If you happen to see any type of contamination in any of the rivers or streams itself, call the Environment Southland Pollution Hotline on 0800 76 88 45. If you happen to see anything unusual in the city, such as water coming up through a manhole, oil or paints going into drains or large amounts of mud and sediments on the road please call the Invercargill City Council front desk 24/7 on 03 211 1777 and explain to the operator to the best of your ability what you have found and the location of the event.
How will the Invercargill City Council approach compliance and enforcement of the bylaw, if it is adopted?
If the Stormwater Bylaw is adopted, the Invercargill City Council plans to take a measured approach for implementation. Council wants to take an educational stance and help commercial sites and private residences understand what they can do to contribute to better water quality in Invercargill. The bylaw makes provision to grant the Invercargill City Council regulatory powers for offences and breaches. However, it is not anticipated they will need to be used often.
Will this apply retroactively or only to new businesses?
Yes this will apply to all locations within the city.
Why are we doing this when Three Waters will take over the stormwater management in the near future?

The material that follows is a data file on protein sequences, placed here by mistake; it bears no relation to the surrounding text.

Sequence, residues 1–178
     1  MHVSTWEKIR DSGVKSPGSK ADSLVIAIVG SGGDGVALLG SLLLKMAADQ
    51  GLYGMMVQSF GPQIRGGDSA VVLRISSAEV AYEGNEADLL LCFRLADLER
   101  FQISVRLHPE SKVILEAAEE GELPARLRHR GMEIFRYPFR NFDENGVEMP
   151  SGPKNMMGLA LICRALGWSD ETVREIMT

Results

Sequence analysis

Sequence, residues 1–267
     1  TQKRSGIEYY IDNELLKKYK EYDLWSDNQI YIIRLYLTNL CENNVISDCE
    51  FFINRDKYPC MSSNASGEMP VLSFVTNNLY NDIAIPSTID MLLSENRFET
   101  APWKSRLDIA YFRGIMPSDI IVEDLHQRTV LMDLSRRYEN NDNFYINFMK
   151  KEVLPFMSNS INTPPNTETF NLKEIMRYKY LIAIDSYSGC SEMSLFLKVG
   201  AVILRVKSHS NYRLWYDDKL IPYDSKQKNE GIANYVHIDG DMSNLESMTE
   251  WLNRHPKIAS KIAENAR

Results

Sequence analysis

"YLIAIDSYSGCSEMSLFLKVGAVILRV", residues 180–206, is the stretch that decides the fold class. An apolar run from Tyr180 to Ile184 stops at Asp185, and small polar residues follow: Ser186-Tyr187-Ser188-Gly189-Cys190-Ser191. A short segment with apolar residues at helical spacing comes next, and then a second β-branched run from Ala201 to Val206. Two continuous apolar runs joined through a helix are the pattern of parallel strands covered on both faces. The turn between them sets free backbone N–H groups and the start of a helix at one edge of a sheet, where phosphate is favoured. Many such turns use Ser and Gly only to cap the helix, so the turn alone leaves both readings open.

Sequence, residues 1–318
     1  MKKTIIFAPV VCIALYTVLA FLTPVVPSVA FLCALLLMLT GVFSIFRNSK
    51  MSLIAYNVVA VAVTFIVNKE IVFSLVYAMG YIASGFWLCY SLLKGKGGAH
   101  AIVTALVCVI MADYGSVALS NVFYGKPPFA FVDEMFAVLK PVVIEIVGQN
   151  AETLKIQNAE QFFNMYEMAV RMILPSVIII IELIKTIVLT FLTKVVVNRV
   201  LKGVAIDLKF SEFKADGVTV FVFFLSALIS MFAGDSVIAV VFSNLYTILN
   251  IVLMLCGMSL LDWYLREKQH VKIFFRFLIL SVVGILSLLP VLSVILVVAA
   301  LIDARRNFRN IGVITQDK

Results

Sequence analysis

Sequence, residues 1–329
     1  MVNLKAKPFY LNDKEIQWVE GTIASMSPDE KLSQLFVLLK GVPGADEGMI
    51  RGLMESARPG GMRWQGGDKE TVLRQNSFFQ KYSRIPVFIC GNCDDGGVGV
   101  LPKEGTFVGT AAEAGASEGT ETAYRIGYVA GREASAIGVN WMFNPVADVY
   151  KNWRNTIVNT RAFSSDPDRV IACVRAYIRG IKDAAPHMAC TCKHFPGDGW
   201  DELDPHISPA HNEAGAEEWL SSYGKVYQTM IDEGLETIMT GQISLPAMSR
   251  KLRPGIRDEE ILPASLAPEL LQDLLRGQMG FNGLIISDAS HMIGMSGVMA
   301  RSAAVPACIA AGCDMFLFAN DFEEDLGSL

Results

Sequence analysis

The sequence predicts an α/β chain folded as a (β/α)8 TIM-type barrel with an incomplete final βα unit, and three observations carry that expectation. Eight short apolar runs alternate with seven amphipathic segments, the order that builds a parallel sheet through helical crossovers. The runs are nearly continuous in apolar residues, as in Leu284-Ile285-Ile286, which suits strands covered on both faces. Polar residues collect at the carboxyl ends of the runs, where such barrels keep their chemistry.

Council acknowledges the intent for Three Waters to take over the management of these assets going forward. Council is focused on being good stewards of the stormwater assets and they are in a good state when the management of network is handed over to the Three Waters entity.
When will the bylaw come into force?
Following consultation, Council will consider any changes recommended and intends to have the Bylaw operational by 1 July 2022.
What happens to sites that already have their own discharge consents with Environment Southland, are they required to meet the conditions of the bylaw?
The purpose of this bylaw is so that the ICC can control what is being put into our stormwater network prior to discharge to the cities receiving waters. If your site already has a discharge consent with Environment Southland or your site does not directly discharge to the ICC’s stormwater network, then this bylaw does not currently effect you. However when your current consent expires with Environment Southland and you are within the Invercargill city boundaries, you may be required to meet selected conditions of the bylaw prior to gaining an additional discharge consent.
Can I talk to the Mayor and Councillors about this proposal?
Hearings are currently set down for 22 March 2022. While the opportunity to speak to your submission as part of this process is not legally required, Councillors are interested in hearing from you if you would like to share your views orally. Please understand though that our ability to facilitate this may depend upon circumstances.
📅 Submissions closed on 7 March 2022 at 5pm